I’m finally figuring out that small conferences are better in almost every respect than large ones. You can easily find people, get access to the speakers, single track makes it a shared experience, and everyone is chill and informal in a way impossible at 500 or 1500+ person events.
(Wait: was the conference itself an experiement in designing large datasets? hmmm).
The IDEA 2006 conference worked for me on several levels:
- Venue/Event synchronicity. It’s so rare that venues match their event. The Seattle library was the perfect place for this.
- High intellectual space between sessions. The topics ranged so much that I felt my brain working to fill the gaps and make new connections. No one took the topic (large spaces) too literally, giving me lots of room to fill things in on my own.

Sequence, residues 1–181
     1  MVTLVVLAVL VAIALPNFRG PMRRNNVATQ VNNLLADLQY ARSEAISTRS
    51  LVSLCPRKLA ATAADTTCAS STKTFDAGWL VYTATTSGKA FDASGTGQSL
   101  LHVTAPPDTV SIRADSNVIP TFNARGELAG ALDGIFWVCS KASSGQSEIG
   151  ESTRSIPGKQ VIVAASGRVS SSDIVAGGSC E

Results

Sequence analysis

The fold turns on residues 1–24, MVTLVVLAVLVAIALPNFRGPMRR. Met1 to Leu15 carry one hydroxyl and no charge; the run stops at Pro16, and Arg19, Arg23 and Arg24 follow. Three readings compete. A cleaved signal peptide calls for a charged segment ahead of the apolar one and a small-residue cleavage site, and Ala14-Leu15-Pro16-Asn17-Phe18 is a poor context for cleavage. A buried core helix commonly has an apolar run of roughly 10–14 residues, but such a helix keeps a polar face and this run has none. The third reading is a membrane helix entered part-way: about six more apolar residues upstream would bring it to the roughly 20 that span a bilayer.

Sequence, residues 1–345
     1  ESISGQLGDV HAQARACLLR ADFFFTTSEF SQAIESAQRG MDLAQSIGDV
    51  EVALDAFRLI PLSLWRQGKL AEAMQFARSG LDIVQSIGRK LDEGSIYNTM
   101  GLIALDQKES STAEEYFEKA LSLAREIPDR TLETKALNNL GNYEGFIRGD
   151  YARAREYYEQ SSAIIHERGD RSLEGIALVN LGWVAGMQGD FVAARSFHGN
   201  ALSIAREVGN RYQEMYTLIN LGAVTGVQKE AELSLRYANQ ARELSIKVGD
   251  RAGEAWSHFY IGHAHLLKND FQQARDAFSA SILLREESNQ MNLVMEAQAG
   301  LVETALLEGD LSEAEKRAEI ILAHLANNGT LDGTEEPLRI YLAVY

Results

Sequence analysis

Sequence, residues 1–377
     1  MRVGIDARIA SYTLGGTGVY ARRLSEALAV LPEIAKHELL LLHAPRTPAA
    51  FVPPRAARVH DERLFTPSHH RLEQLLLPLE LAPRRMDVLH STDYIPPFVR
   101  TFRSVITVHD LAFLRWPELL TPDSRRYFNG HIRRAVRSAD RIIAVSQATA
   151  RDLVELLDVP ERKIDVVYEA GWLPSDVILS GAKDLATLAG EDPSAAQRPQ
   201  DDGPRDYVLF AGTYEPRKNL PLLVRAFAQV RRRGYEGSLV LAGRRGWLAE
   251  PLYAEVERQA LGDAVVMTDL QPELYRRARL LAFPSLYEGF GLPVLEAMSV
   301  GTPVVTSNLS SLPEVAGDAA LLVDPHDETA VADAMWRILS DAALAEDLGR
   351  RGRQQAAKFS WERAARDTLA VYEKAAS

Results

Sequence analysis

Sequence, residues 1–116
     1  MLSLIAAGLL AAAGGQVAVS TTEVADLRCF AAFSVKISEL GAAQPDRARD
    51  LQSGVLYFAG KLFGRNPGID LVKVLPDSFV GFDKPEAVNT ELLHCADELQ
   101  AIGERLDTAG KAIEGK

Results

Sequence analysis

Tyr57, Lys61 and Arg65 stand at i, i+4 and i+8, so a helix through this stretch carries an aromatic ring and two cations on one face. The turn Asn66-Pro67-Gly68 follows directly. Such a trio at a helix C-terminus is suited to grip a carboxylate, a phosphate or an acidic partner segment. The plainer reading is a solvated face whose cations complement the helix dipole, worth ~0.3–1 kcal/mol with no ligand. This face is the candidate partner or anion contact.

- Speaker diversity. It went from Park ranger, to librarian, to data mappers, to web entrepreneurs: awesome range of ways to attack the topics.
- Big fat pile ‘O interesting ideas. Highlights were many, but deepest impact cam from the Local project folks, who make the most meaningful work out of design, and information, I’ve seen in some time. But the contrasts in hearing people talk about their approaches to designing data vs. design libraries, vs. designing parks, set off my thinking and left my mind buzzing.
I’m still going through my notes (my liveblogging entries can be found here) – Truly had an excellent two days: time well spent.